The Blue Arctic could also transform into a Green Arctic with a stronger Arctic
Council to ensure the rule-of-law and support sustainable development and
continued cooperation in the region. In this alternative future the environment
and indigenous people become more important stakeholders in the decision making
process. Stakeholders that bolster cooperation, follow sustainable development
guidelines, and increase safety, while decreasing risk, will thrive in the
region. This could include resources extraction businesses, transportation
operations and research partnerships. Tourism could also open up the region to a
more global stakeholder perspective as more people are able to experience the
As milestones alert us to which alternative future is most likely to arise,
stakeholders will begin to position themselves to take advantage of emerging
long-term possibilities. The stakeholders who are willing to take a risk and
invest in their desired future will also shape the future of the region. This
cycle will have local, national and global implications and will determine if
Arctic geopolitics trend towards strategic conflict or economic and
Tyler Mongan, a member of our Emerging Fellows program reviews the preferable futures of the Arctic region through the eyes of potential stakeholders in his seventh blog post. The views expressed are those of the author and not necessarily those of the APF or its other members.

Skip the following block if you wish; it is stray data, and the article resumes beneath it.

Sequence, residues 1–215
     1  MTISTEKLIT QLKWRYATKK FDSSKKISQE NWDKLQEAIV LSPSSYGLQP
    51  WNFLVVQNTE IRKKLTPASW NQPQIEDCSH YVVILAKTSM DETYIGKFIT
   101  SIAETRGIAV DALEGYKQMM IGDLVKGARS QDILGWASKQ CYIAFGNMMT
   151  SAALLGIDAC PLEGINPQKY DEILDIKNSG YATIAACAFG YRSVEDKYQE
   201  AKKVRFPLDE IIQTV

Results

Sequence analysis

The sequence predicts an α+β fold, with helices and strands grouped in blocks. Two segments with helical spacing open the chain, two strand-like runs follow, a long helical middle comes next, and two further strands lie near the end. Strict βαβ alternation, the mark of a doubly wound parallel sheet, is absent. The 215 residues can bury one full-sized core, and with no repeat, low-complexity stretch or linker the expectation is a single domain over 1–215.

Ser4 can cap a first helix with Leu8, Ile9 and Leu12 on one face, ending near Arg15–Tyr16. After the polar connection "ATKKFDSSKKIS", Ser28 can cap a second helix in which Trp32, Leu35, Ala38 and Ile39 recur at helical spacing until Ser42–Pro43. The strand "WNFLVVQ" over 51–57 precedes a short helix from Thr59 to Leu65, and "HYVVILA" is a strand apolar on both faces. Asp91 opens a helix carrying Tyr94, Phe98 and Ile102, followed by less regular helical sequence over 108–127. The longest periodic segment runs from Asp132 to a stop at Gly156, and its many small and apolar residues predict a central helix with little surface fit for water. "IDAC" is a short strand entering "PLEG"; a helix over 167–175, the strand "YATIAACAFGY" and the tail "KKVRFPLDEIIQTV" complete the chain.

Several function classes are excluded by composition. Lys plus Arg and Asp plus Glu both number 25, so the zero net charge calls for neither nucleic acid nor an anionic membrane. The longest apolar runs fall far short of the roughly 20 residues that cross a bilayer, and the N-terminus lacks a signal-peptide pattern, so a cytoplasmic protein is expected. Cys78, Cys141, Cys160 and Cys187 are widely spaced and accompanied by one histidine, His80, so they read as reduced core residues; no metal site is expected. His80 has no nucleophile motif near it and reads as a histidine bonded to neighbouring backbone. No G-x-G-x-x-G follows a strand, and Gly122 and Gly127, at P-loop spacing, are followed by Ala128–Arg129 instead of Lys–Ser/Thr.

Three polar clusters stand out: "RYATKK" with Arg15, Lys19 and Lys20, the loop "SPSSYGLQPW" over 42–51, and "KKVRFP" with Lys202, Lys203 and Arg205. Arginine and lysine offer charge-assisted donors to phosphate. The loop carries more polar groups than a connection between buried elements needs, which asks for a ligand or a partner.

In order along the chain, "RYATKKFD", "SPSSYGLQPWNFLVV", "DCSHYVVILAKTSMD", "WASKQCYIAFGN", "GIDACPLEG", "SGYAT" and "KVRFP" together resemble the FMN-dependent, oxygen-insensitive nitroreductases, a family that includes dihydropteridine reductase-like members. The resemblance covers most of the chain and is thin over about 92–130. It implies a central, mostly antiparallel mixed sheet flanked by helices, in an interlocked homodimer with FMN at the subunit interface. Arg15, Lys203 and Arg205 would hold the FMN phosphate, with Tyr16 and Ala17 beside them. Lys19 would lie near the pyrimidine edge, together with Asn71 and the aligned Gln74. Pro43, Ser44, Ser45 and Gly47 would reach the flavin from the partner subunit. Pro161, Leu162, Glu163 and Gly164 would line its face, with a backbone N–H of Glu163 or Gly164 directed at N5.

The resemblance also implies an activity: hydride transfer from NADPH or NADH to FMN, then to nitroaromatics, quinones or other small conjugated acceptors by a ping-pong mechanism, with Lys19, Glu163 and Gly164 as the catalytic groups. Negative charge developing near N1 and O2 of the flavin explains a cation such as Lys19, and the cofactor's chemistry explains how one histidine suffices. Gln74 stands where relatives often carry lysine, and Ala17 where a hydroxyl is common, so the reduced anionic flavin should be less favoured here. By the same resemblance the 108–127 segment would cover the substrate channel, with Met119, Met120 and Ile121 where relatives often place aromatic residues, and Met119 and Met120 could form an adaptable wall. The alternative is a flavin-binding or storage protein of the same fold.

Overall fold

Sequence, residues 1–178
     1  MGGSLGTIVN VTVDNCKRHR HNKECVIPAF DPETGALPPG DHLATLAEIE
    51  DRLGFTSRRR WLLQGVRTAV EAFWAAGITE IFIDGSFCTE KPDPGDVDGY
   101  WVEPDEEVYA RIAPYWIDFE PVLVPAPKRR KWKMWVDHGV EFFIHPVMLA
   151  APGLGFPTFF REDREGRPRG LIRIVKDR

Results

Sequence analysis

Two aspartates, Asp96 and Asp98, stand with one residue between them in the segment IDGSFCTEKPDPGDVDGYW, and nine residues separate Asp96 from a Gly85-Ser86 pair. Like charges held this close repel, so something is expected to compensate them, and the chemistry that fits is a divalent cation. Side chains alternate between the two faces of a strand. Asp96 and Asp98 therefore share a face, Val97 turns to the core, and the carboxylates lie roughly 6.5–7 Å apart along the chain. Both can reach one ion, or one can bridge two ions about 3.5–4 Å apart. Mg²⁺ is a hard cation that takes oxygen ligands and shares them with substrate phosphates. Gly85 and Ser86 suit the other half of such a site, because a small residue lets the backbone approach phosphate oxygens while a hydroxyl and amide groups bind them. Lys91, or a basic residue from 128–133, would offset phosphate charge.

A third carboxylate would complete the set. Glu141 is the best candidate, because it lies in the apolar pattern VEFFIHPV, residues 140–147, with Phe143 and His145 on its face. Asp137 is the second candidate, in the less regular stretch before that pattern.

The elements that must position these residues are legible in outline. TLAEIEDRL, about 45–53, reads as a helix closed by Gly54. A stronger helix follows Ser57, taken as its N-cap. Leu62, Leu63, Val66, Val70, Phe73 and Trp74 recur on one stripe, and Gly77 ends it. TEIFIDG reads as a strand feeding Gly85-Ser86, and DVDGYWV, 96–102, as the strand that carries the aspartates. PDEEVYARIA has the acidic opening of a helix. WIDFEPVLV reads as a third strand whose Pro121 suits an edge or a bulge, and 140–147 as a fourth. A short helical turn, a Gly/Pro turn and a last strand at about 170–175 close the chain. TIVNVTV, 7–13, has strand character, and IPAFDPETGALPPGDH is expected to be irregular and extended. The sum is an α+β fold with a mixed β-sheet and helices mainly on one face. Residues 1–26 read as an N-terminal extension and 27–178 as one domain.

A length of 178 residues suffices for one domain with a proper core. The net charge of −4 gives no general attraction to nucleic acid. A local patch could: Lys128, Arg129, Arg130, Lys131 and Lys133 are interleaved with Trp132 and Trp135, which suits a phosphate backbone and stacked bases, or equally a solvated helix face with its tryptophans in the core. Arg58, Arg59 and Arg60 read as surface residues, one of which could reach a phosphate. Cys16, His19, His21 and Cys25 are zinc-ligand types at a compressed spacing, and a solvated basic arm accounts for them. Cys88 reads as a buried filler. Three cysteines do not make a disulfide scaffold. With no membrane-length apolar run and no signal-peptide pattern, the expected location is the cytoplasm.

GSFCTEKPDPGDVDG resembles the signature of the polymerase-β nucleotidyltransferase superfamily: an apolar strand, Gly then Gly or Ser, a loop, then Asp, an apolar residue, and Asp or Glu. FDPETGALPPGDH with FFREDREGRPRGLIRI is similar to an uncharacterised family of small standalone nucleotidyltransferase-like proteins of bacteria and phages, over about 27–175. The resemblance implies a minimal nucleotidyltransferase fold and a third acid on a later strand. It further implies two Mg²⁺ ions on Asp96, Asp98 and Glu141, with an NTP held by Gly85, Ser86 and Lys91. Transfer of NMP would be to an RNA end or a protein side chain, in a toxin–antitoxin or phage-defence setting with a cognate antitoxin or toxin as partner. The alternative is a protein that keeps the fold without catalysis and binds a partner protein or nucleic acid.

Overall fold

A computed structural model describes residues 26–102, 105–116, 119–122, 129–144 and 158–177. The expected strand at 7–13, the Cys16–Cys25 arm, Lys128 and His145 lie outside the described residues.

Russia will utilize “strategic rule breaking” to realize a vision of arctic dominance by expanding their EEZ and increasingly enclose the Arctic region. Not only does Russia claim the largest area of Arctic coastline, but ice in their region is melting faster than in other areas. Russia will exploit this early access to natural resources, while also taking the opportunity to control trade sea routes for economic gain. Russia will attempt to build a strong military presence in the region to fortify their resources and sea routes, while also controlling the airspace. Economy and security take precedence over sustainability and cooperation. Overall the Arctic Council remains a weak force of governance and Russia is free to do as it pleases with its portion of the arctic.
China will utilize the “opportunistic” strategy to slowly claim more rights to the Arctic region as it expands the BRI and builds the Polar Silk Road. This will include access to oil, gas, mineral resources,research, fishing and tourism in the region through unilateral partnerships. Further, China sees the Arctic as its ‘golden route’ in shipping and will develop the military, technology, and agreements required to secure its ability to ship goods through the region. China will develop a growing co-dependance with Russia, while also advocating for an open and cooperative arctic.